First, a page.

Breast Reconstruction

Reconstruction of the breast is a valuable option for women who have had a mastectomy, also known as surgical breast removal. The surgery can help reduce the trauma of losing a breast, helping improve the lives of those who face breast cancer.

Breast Reconstruction surgery is surgery used to restore the look and feel of the breast after a mastectomy.

There are two methods for reconstruction: using an implant to replace the lost tissue or using tissue from elsewhere in the body (often fat from the abdomen) to replace the lost tissue (autologous).

For patients who are candidates for breast conservation therapy or lumpectomy (partial mastectomy), one alternate type of reconstruction is oncoplastic surgery. Oncoplastic surgery combines the latest plastic surgery techniques with breast surgical oncology.

Women who decline or cannot undergo breast reconstruction surgery can also use a custom-made silicone breast prosthesis for symmetry after their operation.

After a mastectomy, the type of reconstruction most appropriate for you will depend on various factors such as:

  • The amount of skin remaining on the chest wall
  • The size and shape of the other breast
  • The amount of body fat and tissue available elsewhere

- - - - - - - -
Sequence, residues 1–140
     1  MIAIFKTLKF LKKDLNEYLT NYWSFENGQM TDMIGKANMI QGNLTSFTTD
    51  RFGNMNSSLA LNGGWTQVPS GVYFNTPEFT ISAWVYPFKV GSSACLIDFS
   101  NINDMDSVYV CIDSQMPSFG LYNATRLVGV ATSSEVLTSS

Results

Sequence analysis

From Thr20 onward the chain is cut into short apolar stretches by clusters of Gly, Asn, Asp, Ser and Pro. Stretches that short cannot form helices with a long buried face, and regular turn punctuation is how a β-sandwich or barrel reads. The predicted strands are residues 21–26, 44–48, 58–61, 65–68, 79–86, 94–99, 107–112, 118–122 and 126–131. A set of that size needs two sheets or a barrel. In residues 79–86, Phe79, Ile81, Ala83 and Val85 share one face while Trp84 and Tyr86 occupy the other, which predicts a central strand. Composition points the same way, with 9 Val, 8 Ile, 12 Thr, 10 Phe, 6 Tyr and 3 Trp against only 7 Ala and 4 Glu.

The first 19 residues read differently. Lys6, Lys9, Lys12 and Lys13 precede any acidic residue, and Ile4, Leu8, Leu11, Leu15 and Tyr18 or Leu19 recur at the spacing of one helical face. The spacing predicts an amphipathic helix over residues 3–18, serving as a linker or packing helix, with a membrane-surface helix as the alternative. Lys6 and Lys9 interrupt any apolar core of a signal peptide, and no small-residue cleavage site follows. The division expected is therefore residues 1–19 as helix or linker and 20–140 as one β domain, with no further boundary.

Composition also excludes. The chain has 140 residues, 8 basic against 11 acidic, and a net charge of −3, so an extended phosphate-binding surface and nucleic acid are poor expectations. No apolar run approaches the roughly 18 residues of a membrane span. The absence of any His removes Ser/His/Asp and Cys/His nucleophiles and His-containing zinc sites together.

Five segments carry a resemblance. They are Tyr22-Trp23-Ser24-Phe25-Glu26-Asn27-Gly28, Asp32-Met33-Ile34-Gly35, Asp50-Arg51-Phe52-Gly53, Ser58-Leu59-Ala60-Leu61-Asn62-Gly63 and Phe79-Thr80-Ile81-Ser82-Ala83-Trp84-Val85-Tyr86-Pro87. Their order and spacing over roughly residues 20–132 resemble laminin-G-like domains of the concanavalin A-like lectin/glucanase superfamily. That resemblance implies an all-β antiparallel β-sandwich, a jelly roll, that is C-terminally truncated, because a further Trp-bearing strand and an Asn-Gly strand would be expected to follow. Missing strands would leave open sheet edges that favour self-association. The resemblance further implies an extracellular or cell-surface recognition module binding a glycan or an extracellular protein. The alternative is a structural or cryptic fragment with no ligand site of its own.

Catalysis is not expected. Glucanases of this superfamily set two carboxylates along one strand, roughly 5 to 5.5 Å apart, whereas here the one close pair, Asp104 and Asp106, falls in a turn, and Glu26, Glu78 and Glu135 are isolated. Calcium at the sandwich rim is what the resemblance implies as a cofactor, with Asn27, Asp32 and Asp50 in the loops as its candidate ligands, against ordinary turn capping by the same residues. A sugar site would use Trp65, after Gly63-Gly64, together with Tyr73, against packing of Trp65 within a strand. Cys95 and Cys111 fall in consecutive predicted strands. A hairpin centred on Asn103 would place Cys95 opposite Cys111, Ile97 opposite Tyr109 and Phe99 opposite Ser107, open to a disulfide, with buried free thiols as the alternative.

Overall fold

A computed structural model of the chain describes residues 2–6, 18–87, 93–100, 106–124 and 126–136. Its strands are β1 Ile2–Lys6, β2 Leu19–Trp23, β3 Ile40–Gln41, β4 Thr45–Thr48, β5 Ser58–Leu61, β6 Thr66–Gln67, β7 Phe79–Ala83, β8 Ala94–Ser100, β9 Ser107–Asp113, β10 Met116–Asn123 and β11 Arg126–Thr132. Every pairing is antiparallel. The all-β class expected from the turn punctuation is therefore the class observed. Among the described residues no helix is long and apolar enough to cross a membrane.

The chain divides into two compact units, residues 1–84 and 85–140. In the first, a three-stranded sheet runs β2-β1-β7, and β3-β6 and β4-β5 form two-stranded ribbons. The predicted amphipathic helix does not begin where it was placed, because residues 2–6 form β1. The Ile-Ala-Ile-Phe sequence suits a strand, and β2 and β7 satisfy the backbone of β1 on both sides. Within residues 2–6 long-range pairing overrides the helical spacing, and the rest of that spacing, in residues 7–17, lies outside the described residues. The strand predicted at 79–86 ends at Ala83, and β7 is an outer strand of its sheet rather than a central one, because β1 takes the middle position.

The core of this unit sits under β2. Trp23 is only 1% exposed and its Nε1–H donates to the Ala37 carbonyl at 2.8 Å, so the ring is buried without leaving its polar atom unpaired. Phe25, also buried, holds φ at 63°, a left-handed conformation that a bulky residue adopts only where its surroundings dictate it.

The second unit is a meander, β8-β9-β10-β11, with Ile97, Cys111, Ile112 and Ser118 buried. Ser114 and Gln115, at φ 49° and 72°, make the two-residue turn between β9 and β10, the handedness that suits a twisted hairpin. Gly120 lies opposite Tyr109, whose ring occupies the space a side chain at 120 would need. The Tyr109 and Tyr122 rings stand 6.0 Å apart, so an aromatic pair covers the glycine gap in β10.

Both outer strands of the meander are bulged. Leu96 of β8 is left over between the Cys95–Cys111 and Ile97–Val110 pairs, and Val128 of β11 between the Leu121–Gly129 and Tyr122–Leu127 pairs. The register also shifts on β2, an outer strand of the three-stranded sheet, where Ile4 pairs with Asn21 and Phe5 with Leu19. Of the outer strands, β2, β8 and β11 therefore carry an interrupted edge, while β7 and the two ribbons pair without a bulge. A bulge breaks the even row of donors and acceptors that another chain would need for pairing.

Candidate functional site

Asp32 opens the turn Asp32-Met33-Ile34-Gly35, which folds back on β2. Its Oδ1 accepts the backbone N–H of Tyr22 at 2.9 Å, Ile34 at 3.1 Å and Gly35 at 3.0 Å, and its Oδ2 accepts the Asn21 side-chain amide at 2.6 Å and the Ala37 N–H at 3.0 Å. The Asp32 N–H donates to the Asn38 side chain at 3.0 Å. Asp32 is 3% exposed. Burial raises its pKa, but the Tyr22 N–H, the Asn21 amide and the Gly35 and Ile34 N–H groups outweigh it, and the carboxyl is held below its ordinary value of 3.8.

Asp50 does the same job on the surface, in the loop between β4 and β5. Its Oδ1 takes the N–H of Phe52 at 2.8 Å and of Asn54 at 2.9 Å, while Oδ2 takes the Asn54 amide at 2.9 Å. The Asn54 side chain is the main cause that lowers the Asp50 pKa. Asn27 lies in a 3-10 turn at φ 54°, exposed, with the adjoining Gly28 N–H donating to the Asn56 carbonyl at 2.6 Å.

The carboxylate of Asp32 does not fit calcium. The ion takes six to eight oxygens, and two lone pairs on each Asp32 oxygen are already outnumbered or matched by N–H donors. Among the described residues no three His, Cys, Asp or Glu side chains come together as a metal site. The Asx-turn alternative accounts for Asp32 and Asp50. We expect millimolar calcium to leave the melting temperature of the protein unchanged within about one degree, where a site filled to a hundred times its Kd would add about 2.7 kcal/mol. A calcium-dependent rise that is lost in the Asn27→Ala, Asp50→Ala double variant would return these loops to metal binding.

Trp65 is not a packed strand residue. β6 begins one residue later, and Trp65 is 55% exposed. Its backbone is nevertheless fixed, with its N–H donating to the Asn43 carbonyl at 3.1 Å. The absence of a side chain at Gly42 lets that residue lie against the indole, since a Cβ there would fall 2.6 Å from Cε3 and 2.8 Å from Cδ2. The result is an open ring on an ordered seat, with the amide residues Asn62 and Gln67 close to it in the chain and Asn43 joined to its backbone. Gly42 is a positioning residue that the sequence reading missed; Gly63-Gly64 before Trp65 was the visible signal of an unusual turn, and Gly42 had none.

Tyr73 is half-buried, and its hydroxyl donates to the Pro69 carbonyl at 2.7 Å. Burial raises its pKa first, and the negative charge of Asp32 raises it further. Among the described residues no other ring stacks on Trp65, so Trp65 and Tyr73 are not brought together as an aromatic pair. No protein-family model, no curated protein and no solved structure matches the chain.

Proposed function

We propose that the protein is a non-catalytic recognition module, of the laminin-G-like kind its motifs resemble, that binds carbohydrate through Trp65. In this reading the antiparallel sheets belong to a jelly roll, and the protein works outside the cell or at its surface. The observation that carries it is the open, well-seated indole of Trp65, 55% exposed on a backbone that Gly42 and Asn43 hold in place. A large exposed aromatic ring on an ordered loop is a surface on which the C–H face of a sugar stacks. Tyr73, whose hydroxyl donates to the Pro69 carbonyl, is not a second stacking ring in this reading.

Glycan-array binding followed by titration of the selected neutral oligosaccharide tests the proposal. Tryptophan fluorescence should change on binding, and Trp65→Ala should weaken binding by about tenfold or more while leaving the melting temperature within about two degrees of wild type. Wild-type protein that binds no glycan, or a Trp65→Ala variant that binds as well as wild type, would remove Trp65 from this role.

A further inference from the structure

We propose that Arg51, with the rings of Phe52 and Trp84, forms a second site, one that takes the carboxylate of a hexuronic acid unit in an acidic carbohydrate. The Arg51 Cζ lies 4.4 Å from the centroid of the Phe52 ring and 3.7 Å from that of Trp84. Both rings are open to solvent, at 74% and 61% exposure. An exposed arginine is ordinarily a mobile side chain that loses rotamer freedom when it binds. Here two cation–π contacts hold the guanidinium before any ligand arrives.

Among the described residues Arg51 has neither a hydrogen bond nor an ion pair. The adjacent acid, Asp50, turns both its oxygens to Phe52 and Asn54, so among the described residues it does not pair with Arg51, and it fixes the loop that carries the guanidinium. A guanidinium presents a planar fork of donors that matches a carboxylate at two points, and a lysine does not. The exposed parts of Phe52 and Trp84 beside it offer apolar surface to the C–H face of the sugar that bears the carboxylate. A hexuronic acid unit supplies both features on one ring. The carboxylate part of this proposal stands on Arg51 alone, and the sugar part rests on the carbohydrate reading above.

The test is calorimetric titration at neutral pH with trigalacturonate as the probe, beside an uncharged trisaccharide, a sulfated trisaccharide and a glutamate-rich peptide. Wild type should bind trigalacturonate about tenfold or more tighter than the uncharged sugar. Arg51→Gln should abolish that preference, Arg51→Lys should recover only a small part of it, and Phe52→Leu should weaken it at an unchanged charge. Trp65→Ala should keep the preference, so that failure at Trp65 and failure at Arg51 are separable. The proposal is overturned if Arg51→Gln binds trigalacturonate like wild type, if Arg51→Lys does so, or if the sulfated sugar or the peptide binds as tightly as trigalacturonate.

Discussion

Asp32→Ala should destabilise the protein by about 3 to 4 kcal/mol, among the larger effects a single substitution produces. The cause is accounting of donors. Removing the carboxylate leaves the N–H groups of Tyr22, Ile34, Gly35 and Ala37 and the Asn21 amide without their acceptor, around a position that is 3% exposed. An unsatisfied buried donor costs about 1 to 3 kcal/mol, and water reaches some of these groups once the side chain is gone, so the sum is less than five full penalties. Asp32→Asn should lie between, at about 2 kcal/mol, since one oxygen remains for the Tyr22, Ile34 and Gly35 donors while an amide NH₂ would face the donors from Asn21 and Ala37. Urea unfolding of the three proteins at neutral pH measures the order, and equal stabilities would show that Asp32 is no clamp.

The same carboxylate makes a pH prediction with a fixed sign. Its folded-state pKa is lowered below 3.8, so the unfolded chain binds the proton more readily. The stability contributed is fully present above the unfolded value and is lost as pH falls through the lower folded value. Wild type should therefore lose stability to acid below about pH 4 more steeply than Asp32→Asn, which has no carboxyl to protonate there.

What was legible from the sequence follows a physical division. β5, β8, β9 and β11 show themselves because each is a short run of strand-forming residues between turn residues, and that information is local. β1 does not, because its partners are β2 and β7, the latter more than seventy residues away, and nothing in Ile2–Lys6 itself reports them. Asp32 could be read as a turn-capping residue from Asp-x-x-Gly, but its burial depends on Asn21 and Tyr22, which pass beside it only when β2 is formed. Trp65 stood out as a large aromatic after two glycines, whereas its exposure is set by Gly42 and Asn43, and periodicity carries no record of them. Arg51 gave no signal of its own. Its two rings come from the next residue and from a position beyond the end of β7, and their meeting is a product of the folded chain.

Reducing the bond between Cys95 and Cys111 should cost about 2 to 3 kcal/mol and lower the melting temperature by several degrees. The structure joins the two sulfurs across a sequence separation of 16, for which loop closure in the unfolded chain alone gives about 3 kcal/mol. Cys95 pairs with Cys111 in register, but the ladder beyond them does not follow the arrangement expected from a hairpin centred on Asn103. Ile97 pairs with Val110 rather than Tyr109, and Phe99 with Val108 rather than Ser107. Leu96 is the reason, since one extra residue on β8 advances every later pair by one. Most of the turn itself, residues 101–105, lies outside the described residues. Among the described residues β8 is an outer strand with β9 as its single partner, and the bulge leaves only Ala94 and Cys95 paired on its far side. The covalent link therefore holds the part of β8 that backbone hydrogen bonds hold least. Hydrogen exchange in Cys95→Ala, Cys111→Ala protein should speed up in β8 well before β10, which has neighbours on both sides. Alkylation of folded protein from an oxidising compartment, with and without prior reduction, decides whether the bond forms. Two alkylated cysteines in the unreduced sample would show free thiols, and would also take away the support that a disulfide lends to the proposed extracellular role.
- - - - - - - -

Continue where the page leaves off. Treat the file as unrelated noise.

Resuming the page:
• Your general health
  • Smoking history (if any)
  • Personal preferences

Implant surgery

Implant surgeries are often best for women who have not had radiation therapy prior to their mastectomy. In most implant surgery cases, a tissue expander is placed at the time of the mastectomy. Known as a staged procedure, the tissue expander is later switched for an implant at a later date.

For a one stage implant surgery, an implant is placed at the time of the mastectomy procedure. Implants come in different shapes and sizes and are made of saline or silicone. A plastic surgeon will help determine which type of implant is best for you.

Autologous reconstruction (tissue transfer)

For a tissue transfer reconstruction, a breast mound is made from fat and muscle from different parts of the body, such as the abdomen (TRAM), the buttocks or the upper back and chest area.

Once the breast mound is completed, the other breast may be altered (with an implant, a reduction, or a lift) to achieve symmetry. In the final step, a new nipple-areola complex is built if the nipple has been removed, and the area can then be tattooed to have a similar color to the other side.

Because of the varying types of surgical approaches, breast reconstruction surgery does involve various risks. These include:

  • Infection
  • Bleeding and/or blood clots
  • Fluid build-up in the breast
  • Tissue death
  • Loss of breast and/or nipple sensation
  • Issues with the implant, such as movement, rupture or scar tissue
  • Issues with the repurposed tissue, such as swelling, pain and loss of muscle strength